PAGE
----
About the Working Paper Series:
This series of working papers is a response to the imperative for targeted expertise in support of constitution building in the wake of the Arab Spring. As one of the primary international institutions supporting constitution building in the Middle East and North Africa region, International IDEA commissioned leading international experts to produce research papers on specific issues of constitutional design that will need to be addressed by states in the region seeking more democratic institutional frameworks. International IDEA, together with Constitutional Transitions, has brought these papers together in this Working Paper Series.
Egyptian Constitutional Reform and the Fight against Corruption
By Zaid Al-Ali and Michael Dafel
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This paper addresses the question of how a constitutional text can contribute to a commitment to prevent and eliminate corruption. It was originally prepared as part of the Egyptian Constitutional Drafting Manual presented to members of the Egyptian Constitutional Assembly during 2012. Its purpose, in that context, was to provide members of the Constitutional Assembly with an overview of the deficiencies of the 1971 Egyptian Constitution in establishing an anti-corruption framework. The paper has since evolved, as the Constitutional Assembly completed its work in November 2012 and the New Constitution for the Arab Republic of Egypt went into force in December 2012. Its focus is now an investigation of the strengths and weaknesses of the 2012 Constitution, as compared to both the 1971 Constitution and Egypt’s experience under it, and international constitutional trends in the fight against corruption. The paper draws its comparative examples from the Middle East, Africa, and India. It offers an initial assessment of the 2012 Constitution by detailing the advantages and disadvantages of the various approaches reflected in these international examples, the 1971 Constitution, and the 2012 Constitution. In particular, the paper focuses on (i) state budget procedures, (ii) the public procurement system, (iii) the legislature’s oversight of the executive and oversight of the legislature itself, (iv) the Supreme Audit Institution, (v) the independence of the judiciary, (vi) the independence of the prosecuting authorities, (vii) an anti-corruption ombudsman, and (viii) human rights and corruption.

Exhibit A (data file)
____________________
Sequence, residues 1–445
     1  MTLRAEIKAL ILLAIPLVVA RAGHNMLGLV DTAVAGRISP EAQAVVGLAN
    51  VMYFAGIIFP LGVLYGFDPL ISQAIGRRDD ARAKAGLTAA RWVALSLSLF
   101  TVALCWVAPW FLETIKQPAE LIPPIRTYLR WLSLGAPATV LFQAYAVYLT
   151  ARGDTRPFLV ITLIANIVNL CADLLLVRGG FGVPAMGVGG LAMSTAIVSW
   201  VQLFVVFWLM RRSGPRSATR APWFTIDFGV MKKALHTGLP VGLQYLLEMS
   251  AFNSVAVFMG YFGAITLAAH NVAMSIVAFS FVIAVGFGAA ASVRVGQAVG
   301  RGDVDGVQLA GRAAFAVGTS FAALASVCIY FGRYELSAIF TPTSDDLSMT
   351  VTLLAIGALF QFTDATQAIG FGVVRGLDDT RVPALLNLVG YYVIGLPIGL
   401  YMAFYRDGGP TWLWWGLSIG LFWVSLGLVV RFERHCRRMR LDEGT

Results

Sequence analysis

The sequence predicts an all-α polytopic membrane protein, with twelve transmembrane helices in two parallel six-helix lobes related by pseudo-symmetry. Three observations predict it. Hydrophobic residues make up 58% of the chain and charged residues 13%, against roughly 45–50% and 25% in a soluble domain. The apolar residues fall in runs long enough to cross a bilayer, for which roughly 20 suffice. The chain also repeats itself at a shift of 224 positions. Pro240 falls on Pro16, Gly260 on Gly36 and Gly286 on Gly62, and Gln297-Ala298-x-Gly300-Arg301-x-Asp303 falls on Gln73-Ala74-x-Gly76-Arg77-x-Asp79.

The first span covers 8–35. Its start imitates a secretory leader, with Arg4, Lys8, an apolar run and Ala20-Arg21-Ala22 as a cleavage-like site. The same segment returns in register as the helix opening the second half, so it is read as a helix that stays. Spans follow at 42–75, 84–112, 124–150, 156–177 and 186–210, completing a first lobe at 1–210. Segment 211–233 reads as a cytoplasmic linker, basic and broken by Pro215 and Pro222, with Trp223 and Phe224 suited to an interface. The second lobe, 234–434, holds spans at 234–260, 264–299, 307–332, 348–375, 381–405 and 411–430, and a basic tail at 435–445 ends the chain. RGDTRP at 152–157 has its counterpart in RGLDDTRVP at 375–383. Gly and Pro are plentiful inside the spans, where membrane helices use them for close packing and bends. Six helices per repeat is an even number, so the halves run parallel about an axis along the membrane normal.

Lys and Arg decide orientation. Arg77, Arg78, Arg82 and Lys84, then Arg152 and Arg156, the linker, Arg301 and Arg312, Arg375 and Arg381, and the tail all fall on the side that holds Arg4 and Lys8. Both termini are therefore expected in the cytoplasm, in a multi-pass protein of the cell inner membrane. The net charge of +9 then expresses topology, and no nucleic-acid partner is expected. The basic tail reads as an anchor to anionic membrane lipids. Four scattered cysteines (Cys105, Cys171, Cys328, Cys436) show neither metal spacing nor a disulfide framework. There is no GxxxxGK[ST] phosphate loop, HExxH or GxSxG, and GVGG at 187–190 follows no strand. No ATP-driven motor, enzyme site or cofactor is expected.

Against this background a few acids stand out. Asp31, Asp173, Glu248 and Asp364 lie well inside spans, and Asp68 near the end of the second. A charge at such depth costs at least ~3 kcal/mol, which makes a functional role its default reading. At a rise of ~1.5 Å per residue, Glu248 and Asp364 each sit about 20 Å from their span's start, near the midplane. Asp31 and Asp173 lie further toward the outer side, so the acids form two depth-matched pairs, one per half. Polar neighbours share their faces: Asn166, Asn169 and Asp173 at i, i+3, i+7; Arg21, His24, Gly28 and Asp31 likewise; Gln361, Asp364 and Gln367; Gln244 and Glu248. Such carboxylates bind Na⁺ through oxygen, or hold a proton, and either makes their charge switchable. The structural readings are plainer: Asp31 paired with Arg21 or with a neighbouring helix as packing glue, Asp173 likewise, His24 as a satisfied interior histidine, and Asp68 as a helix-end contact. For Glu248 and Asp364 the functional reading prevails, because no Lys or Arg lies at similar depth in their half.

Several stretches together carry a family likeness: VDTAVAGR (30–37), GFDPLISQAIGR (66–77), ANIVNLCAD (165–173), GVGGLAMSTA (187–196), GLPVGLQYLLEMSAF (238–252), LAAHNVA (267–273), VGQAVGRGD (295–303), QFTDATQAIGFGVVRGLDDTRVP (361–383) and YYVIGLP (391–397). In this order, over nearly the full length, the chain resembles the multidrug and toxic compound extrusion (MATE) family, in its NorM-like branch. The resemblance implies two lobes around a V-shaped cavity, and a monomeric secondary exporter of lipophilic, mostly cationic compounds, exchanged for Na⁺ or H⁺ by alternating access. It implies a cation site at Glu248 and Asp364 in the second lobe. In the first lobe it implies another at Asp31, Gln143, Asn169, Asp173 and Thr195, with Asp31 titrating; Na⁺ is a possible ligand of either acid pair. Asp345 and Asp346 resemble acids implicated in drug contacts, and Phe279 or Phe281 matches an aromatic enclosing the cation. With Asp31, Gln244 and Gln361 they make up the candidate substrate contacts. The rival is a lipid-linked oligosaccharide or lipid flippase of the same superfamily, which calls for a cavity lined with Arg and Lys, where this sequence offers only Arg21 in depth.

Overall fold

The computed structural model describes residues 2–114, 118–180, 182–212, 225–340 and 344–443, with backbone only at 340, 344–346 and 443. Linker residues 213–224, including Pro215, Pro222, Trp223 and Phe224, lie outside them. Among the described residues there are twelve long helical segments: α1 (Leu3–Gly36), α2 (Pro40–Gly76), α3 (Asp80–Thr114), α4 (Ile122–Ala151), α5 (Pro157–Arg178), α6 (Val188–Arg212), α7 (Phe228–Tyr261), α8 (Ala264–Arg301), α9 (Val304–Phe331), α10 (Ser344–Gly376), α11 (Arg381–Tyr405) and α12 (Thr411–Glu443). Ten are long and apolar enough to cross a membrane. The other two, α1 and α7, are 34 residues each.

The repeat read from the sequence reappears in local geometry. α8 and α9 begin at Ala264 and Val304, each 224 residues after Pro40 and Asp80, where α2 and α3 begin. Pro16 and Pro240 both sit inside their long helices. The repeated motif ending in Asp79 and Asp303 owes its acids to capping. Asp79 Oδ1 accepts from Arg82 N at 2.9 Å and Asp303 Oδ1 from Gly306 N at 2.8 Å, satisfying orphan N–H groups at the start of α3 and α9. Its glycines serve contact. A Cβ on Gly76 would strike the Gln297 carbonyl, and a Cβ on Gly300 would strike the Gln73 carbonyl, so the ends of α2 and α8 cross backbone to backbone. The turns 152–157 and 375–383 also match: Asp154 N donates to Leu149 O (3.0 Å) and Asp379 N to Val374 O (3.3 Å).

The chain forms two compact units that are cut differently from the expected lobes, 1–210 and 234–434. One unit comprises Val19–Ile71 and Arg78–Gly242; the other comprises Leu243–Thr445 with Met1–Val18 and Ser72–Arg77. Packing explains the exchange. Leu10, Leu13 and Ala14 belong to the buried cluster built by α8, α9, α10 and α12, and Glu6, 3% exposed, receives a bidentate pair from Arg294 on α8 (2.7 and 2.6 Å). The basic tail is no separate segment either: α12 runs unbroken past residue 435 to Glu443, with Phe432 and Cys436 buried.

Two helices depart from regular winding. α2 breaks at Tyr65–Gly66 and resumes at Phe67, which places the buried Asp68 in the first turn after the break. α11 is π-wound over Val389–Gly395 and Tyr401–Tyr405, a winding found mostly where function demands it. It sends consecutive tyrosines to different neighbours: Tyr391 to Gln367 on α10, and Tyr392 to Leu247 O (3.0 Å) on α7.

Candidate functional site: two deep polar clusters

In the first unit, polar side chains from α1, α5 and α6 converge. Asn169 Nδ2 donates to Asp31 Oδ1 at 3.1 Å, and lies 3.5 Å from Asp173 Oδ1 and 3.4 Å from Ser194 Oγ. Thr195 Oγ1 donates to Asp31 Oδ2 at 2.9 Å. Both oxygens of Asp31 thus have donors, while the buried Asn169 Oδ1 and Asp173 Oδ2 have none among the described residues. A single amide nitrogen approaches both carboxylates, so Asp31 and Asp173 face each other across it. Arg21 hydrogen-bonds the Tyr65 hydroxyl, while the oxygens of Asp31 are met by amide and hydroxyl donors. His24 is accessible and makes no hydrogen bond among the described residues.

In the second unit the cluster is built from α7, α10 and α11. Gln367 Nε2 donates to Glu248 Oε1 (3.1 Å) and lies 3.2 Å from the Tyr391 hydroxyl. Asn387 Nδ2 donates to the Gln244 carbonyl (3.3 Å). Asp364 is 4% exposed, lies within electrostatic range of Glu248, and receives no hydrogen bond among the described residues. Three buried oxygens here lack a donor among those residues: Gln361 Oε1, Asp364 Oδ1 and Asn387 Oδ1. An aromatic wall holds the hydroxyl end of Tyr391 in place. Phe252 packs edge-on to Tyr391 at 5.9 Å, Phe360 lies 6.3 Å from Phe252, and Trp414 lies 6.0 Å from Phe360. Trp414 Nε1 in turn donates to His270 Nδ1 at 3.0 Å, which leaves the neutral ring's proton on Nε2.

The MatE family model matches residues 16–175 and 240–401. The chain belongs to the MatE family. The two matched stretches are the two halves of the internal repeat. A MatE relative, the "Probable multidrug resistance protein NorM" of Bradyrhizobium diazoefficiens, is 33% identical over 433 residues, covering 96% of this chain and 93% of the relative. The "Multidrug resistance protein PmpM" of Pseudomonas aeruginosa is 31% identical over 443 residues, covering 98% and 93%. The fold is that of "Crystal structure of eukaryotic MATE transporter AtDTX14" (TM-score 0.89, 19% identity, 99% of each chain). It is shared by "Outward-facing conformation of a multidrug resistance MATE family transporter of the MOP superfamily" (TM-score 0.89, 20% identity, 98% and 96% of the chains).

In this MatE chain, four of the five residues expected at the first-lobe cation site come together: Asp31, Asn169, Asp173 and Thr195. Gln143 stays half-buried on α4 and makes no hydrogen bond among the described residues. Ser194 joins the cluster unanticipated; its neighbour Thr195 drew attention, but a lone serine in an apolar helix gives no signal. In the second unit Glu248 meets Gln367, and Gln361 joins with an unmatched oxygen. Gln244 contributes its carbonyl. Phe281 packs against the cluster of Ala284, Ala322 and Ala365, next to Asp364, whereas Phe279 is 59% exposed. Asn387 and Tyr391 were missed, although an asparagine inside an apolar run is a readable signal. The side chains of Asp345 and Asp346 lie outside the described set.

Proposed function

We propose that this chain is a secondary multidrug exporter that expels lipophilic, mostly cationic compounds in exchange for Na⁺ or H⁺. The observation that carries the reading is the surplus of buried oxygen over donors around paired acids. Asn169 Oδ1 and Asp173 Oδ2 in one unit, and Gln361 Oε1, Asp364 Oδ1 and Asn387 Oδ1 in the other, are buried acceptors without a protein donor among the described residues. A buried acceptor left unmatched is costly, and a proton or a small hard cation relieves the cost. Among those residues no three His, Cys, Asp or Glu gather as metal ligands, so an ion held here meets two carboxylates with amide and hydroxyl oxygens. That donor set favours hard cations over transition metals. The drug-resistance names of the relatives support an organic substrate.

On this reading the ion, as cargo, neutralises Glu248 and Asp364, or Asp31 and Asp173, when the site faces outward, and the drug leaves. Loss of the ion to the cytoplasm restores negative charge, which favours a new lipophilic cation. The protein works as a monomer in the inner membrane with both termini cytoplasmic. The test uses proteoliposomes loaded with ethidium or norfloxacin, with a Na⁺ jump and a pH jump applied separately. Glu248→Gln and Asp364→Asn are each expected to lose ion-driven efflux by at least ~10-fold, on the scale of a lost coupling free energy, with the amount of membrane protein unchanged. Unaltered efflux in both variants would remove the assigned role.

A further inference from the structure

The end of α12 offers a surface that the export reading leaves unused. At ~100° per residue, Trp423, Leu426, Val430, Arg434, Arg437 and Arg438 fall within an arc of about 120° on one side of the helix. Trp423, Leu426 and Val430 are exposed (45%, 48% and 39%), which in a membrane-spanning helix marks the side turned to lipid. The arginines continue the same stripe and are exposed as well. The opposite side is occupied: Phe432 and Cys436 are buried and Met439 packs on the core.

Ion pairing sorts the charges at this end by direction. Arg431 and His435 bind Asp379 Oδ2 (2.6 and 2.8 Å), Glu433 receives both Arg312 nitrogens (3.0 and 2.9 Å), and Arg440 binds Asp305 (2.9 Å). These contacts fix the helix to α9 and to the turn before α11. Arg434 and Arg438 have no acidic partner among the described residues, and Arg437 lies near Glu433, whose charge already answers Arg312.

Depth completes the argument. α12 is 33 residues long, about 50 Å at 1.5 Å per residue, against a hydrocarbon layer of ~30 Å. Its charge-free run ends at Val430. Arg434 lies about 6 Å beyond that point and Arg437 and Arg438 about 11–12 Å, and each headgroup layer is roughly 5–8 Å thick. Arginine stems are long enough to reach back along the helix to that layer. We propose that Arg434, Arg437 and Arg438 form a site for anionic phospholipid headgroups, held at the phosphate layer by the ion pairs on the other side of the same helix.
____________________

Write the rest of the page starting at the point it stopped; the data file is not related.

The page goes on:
An English translation of Egypt’s 2012 Constitution is available here.
Zaid Al-Ali is Senior Advisor on Constitution-Building in the Arab region at International IDEA, and is based in Cairo. He was previously a legal advisor to the United Nations Assistance Mission to Iraq and to the United Nations Development Programme (Iraq Office), where he advised on constitutional, parliamentary, and judicial reform. Mr. Al-Ali has written extensively on constitutional reform in the Arab region. His publications include: The Struggle for Iraq’s Future: After the Occupation, Fighting for Iraqi Democracy (Yale University Press, New Haven 2014, forthcoming); The Iraqi Constitution: A Contextual Analysis (Hart Publishing, Oxford 2014, forthcoming, with Jörg Fedtke); “Constitutional Drafting, National Uniqueness and Globalization”, in Thomas Fleiner, Cheryl Saunders and Mark Tushnet (eds), Handbook on Constitutional Law (Routledge, London 2012, with Arun Thiruvengadam); “Constitutional Drafting and External Influence”, in Tom Ginsburg and Rosalind Dixon (eds), Comparative Constitutional Law (Edward Elgar Publishing, Cheltenham 2011); and “Constitutional Legitimacy in Iraq: What role local context?”, in Armin von Bogdandy and Rüdiger Wolfrum (eds), Constitutionalism in Islamic Countries: Between Upheaval and Continuity (Oxford University Press, Oxford 2011).
Michael Dafel is a legal researcher at the South African Institute for Advanced Constitutional Law at the University of Johannesburg, South Africa. He acted as a research fellow at International IDEA, Cairo, Egypt, a fellowship sponsored by the Center for Constitutional Transitions at NYU Law (Constitutional Transitions). His research focus during this period was the decentralization of power, the independence of the judiciary and anti-corruption frameworks, in the context of the constitutional transformation of the Middle East and North Africa region.